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Lectio Divina. Sunday of the Twenty-Ninth Week in Ordinary Time.
Lectio Divina

Ordinary Time - Cicle C


Author: Order of Carmlites | Source: www.ocarm.org



1. Opening prayer

Lord Jesus, send your Spirit to help us to read the Scriptures with the same mind that you read them to the disciples on the way to Emmaus. In the light of the Word, written in the Bible, you helped them to discover the presence of God in the disturbing events of your sentence and death. Thus, the cross that seemed to be the end of all hope became for them the source of life and of resurrection. 
Create in us silence so that we may listen to your voice in Creation and in the Scriptures, in events and in people, above all in the poor and suffering. May your word guide us so that we too, like the two disciples from Emmaus, may experience the force of your resurrection and witness to others that you are alive in our midst as source of fraternity, justice and peace. We ask this of you, Jesus, son of Mary, who revealed to us the Father and sent us your Spirit. Amen.
 
2. Reading
a) A key to the reading:
This Sunday’s liturgy presents us with a text from Luke’s Gospel concerning prayer, a theme dear to the heart of Luke. This is the second time that this Evangelist quotes the words of Jesus to teach us how to pray. The first time (Lk 11:1-13), introduces the text of the Our Father and, by means of comparisons and parables, teaches us that we must pray always tirelessly. Now, the second time (Lk 18:1-4), Luke has recourse once more to parables taken from every day life to teach us how to pray: the parable of the widow and the judge (18:1-8) and that of the Pharisee and the Publican (Lk 18:9-14). Luke tells the parables in quite a didactic form. Each parable begins with a brief introduction as a key to its reading. There follows the parable and, lastly, Jesus himself applies the parable to life. This Sunday’s text only narrates the first parable of the widow and the judge (Lk 18:1-8). While reading, it would be good to keep in mind the following: “What is the attitude of each person involved in this parable?”
b) A division of the text to help us in our reading:
Luke 18:1: A key given by Jesus for an understanding of the parable
Luke 18:2-3: The contrast between the Judge and the Widow
Luke 18:4-5: The change in the judge and the reason for this change
Luke 18: 6-8a: Jesus applies the parable
Luke 18: 8b: A final provocative statement
c) The text:
1 Then he told them a parable about the need to pray continually and never lose heart. 2 'There was a judge in a certain town,' he said, 'who had neither fear of God nor respect for anyone. 3 In the same town there was also a widow who kept on coming to him andLuke 18:1-8saying, "I want justice from you against my enemy!" 4 For a long time he refused, but at last he said to himself, "Even though I have neither fear of God nor respect for any human person, 5 I must give this widow her just rights since she keeps pestering me, or she will come and slap me in the face." ' 6 And the Lord said, 'You notice what the unjust judge has to say? 7 Now, will not God see justice done to his elect if they keep calling to him day and night even though he still delays to help them? 8 I promise you, he will see justice done to them, and done speedily. But when the Son of man comes, will he find any faith on earth?'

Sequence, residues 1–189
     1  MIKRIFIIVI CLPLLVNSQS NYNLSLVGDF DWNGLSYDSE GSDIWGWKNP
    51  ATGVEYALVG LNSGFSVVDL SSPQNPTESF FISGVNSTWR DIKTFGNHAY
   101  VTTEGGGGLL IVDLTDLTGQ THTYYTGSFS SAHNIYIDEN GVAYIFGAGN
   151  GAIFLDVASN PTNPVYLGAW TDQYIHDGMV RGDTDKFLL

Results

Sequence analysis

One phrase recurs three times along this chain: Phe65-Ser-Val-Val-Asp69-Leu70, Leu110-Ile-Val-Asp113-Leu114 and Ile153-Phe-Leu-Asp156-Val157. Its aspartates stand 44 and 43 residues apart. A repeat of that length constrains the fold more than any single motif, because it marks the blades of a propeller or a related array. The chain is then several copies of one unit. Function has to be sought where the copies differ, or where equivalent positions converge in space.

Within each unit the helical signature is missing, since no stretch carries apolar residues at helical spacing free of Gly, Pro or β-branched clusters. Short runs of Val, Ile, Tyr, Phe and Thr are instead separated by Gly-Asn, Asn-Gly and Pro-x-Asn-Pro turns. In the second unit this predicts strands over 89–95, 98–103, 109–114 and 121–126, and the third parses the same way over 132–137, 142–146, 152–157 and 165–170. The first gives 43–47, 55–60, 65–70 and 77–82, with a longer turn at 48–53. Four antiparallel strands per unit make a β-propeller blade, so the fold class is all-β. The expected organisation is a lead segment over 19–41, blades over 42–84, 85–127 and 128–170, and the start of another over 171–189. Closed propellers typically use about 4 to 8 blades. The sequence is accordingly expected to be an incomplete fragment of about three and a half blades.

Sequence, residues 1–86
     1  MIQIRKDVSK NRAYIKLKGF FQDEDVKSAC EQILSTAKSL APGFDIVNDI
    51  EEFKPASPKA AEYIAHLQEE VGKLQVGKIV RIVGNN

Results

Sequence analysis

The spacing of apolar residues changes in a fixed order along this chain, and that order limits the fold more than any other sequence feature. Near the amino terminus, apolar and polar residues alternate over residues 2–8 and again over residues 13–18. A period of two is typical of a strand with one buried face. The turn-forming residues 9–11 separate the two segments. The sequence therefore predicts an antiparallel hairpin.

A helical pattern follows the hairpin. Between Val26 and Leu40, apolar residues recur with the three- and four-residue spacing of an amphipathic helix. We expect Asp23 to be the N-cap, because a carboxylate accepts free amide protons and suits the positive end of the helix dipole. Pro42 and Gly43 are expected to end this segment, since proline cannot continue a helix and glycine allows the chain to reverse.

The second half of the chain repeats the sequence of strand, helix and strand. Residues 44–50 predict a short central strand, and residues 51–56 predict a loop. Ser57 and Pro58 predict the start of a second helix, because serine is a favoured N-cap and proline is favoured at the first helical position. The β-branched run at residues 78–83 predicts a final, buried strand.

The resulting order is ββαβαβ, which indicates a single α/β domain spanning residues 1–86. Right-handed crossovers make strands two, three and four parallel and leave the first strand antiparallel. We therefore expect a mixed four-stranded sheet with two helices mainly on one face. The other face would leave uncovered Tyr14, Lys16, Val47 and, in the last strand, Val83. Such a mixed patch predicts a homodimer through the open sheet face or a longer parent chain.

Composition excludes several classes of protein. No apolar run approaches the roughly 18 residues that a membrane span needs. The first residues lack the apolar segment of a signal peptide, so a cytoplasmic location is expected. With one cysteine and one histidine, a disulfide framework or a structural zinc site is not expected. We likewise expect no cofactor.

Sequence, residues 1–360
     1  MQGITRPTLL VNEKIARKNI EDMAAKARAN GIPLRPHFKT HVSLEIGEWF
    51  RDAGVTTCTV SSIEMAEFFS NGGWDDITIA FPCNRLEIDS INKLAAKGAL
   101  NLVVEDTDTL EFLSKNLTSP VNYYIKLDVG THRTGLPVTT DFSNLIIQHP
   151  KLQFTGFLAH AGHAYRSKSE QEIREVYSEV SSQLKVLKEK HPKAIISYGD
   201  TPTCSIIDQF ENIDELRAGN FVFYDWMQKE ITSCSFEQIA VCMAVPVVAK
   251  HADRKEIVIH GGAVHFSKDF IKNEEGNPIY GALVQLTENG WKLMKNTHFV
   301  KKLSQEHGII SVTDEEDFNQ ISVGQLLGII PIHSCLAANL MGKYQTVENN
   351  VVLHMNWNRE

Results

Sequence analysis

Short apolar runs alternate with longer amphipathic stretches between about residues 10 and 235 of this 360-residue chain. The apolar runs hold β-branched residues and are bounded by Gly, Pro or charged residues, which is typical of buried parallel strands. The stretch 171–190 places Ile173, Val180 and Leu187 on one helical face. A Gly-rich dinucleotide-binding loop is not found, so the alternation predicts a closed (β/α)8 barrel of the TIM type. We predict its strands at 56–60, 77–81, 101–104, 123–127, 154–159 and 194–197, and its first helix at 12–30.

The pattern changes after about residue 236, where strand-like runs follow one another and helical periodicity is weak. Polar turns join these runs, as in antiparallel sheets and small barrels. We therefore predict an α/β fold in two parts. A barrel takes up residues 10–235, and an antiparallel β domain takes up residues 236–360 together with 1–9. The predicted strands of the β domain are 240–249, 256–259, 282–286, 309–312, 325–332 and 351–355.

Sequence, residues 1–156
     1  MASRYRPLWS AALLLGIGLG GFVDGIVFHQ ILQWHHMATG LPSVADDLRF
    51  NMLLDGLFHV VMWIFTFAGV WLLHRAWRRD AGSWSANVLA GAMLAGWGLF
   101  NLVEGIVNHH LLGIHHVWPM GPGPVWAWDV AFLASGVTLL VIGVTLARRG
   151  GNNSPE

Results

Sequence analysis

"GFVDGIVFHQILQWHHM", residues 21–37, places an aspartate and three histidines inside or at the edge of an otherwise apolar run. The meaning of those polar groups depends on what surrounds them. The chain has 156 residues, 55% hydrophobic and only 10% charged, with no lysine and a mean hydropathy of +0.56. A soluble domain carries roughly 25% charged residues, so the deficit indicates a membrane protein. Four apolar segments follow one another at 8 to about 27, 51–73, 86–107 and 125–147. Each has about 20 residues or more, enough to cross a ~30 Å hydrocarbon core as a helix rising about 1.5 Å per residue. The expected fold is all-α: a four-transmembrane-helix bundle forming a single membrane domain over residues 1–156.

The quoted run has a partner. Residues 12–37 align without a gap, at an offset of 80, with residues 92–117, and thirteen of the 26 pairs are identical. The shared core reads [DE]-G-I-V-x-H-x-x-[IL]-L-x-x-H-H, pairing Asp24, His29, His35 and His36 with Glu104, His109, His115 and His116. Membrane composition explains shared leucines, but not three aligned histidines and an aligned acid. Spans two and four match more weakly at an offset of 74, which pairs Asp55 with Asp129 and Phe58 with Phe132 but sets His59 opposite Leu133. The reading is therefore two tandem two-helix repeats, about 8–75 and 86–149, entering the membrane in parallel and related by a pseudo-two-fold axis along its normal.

3. A moment of prayerful silence
so that the Word of God may penetrate and enlighten our life.
 
4. Some questions
to help us in our personal reflection.
a) What pleased you most in this text?
b) What is the attitude of the widow? Or what strikes you most in what she does and say? 
c) What strikes you most in the attitude and words of the judge? Why?
d) How does Jesus apply this parable?
e) What does this parable teach us concerning our manner of looking at life and people?
 
5. A key to the reading
for a deeper understanding of the theme.
a) The historical context:
When analysing the historical context of Luke’s Gospel, we must always keep in mind this dual dimension: the time of Jesus in the 30’s, and the time of those for whom the Gospel is written in the 80’s. These two times influence, each in its own way, the writing of the text and must be present as we try to discover the meaning Jesus’ parables have for us today.
b) The literary context:
The immediate literary context presents us two parables on prayer: praying insistently and perseveringly (the widow and the judge) (Lk 18:1-8); praying humbly and realistically (the Pharisee and the Publican) (Lk 18:9-14). Although they are different, these two parables have something in common. They tell us that Jesus saw the things of life in a different way. Jesus saw God’s revelation where others saw something negative. For instance, he saw something positive in the Publican, who all said: “He does not know how to pray!” And in the poor widow of whom it was said: “She is so insistent that she even troubles the judge!” Jesus was so united to the Father that for him everything was transformed into a source of prayer. Many are the ways we can express ourselves in prayer. There are those who say: “I do not know how to pray”, yet they speak to God all day. Have you come across anyone like this?
c) A commentary on the text: